Thoughts On Gratitude


One of my New Years resolutions this year is to have friends and family over for dinner; skip the restaurants, save the cash and just enjoy a good old-fashioned home cooked meal. Plus, I could use the practice in the kitchen. 

Last week, in my attempt to stick to my resolution, I invited my friend S over. S works as an Art Director for an international digital agency. She has an amazing creative mind and impeccable taste. 

That evening, while S was finishing up a few emails at the office, I made a run to the local food market and start collecting ingredients. On the menu tonight: Mushroom and Herb Polenta*, a recipe from the Ottolenghi cookbook, Plenty. Like I do with many things in my life, I picked this recipe because the photograph just looked so darn good. Cheesy, smokey, earthy and comforting. Perfect for a cold winter night.

While in the store, I quickly realize that the mushrooms they had were not looking their best, plus they were expensive! Trying to drum up a plan B, I notice out of the corner of my eye some beautiful looking eggplants, I snagged them and placed them into my reusable mesh bag, visited checkout and headed home to begin my experiment. I would swap eggplant for mushrooms. I wound up roasting the eggplant whole, under the broiler at 550 degrees until it looked like a deflated and somewhat sad, charred and smokey balloon (but let me tell you, it smelled delish!) Then I peel off the skin, set it aside and continued on with the recipe - a glass of wine poured and the 'French Dinner Party' Spotify playlist warbling along in the background.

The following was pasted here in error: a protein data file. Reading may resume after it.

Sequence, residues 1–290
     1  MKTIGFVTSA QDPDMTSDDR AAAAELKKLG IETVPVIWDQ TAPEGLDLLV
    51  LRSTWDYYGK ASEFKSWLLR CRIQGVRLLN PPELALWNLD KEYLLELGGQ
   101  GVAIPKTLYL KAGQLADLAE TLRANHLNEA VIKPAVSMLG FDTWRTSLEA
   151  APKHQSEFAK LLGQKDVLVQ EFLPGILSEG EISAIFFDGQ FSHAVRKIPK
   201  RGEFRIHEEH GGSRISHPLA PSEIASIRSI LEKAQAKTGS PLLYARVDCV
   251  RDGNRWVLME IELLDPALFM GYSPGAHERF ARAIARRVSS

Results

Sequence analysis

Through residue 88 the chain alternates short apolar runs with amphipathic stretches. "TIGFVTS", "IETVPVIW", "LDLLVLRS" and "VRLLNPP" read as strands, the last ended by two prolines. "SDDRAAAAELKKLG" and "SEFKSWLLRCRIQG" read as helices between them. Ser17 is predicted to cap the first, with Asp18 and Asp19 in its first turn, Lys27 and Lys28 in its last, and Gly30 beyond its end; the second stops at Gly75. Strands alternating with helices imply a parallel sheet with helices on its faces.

Soon S arrives, and we start to catch up while I put the finishing touches on dinner. She has been at home in Japan for the past few weeks, her family is doing well, she went on a yoga and surfing retreat, there's a new artist whom she recently discovered. I tell her about my holidays and new happenings in my life. I plate our food and carry it over to the folding table I set up in my small but cozy Brooklyn apartment.

We sit down to eat and before S picks up her fork she says "Itadakimasu!" Tilting my head to the side, I ask her what it means.


pronounced: /ee-ta-da-kee-mas/

"Its how we give thanks in Japan before a meal." she says

 It expresses gratitude for the plants and animals, the farmers, the house, the chef - everything that went into the creation of the meal. It's appreciation for the whole process, not just the end result. This word is said before every meal, tracing its roots back to Buddhist tradition. I immediately became enamored with how it so simply and elegantly it conveys gratitude and thanks.

My experience with saying "grace" before eating never really extended beyond the food that was right in front of me at the dinner table and always involved a few religious idols. Yet this one term contains so much positive energy. It extends thanks to everyone involved regardless of religious belief or cultural background. 

This idea of  'Everything is Connected' is one that we should all soak in a bit more. And for me, Itadakimasu is a way to keep this idea moving forward. I've started saying it in my head now before I eat. Our lives and our work don't exist in isolation, they have the potential to give goodness, connectedness, and wellbeing to many beyond our peripheral vision. Take a minute today to give thanks for all that supports you in life. 

Arigato, Friends


*If you are interested in the Ottolenghi recipe mentioned above, you can find it here: